By The Nation
He also pointed out that only 5 per cent of the current ageing Thai population were able to take care of themselves, and that a third of Thai seniors still had debts to pay.
Meanwhile, the trend for younger people to move to cities for jobs caused many elderly people to stay alone at home in rural areas and develop depression and chronic ailments, he added.
It is necessary to prepare people for ageing, provide preventive medicine and advice – such as exercise and a healthy diet – apply advance technology in diagnosis and treatment for illness, and provide shelter for those seniors in need of special care, in order to boost seniors’ healthy living conditions, Boon stressed.
He said artificial-intelligence technology, which can yield immediate diagnostic results, would play a key role in future and allow treatment to be conducted at home without the need for the elderly to travel to hospital.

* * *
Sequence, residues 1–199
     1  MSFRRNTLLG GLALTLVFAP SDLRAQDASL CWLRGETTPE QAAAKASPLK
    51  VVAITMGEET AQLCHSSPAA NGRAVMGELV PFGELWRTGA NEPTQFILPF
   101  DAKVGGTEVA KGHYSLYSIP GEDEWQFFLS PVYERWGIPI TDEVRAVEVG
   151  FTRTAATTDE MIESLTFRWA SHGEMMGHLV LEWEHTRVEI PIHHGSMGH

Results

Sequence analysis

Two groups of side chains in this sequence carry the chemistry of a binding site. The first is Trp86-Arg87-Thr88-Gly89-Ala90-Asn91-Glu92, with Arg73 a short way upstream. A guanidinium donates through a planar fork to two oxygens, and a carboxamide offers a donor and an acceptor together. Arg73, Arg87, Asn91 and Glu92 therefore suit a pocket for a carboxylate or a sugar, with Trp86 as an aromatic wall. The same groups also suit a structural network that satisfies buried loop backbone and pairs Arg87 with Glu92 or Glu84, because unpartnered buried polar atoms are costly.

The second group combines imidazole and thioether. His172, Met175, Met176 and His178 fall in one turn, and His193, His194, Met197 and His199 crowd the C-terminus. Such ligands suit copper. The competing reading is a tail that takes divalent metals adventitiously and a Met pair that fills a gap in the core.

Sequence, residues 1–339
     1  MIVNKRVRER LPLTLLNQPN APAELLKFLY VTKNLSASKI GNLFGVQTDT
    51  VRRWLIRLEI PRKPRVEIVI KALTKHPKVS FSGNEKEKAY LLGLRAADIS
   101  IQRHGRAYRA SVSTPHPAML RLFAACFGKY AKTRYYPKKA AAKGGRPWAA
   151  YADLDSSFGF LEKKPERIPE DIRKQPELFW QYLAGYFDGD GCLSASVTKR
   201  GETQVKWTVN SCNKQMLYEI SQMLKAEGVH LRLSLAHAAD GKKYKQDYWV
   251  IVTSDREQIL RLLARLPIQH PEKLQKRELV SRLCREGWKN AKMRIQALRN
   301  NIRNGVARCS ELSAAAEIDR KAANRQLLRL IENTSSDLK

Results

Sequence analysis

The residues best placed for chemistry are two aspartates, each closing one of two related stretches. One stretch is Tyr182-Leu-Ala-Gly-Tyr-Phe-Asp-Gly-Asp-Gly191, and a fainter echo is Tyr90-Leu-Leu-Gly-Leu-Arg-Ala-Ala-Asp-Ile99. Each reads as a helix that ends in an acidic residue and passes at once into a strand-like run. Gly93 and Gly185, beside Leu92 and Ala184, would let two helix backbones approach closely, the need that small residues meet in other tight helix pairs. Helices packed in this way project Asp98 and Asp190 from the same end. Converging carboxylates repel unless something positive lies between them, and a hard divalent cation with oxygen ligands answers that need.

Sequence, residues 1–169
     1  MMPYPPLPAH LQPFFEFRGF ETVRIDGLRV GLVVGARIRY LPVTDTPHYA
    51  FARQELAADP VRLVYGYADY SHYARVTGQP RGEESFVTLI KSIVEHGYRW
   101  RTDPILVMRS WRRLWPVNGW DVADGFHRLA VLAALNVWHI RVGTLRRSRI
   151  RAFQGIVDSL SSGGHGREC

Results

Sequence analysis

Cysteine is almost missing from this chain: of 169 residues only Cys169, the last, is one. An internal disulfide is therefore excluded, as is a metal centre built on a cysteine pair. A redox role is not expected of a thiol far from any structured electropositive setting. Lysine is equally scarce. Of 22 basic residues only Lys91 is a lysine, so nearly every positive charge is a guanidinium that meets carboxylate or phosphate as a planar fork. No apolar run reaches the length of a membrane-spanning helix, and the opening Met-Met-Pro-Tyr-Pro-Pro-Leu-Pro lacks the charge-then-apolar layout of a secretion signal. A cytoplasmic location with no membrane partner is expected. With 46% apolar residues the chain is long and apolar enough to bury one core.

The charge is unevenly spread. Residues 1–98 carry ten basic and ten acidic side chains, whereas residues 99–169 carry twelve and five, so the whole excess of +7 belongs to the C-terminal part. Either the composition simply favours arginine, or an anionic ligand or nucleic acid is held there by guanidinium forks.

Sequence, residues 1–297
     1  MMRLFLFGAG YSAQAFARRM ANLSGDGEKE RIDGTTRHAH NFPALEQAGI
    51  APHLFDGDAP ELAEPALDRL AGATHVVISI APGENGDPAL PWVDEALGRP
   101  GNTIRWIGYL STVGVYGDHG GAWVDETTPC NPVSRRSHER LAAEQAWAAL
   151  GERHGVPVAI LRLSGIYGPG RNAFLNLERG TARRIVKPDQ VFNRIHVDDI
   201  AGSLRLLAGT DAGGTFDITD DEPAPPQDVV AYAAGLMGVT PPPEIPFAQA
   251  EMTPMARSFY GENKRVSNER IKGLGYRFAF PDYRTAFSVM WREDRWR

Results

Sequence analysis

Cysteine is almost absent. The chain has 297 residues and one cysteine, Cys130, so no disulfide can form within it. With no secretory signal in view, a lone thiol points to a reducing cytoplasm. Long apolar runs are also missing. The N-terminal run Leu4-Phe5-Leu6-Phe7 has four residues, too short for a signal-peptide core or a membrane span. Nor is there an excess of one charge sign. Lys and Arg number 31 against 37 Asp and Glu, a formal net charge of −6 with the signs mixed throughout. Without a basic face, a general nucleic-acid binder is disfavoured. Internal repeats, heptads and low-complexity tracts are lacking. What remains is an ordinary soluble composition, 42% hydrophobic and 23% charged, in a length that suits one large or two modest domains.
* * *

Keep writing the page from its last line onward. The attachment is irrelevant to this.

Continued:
Boon urged the public sector to promote public-health policies for senior citizens’ well-being, rather than focusing only on treating serious diseases.
He also urged the private sector to pay attention to after-retirement consumers in order to cater to the market’s shifting demands, and to help the government find solutions to this challenge.
Boon’s comments were made at the “NextGen Ageing – Shaping a Smart Future for an Ageing Society” conference, held by the Kenan Institute Asia on November 7 at the Dusit Thani Hotel in Bangkok.
The event brought together experts from the United States, Thailand, Singapore, Malaysia and Japan who are at the forefront of ageing and technology to share cutting-edge research and innovations, in order for Thailand to better prepare for its upcoming status as an ageing society by 2021, when the number of elderly citizens will account at 20 per cent of the population.
The KIngdom's overall population currently stands at around 68 million.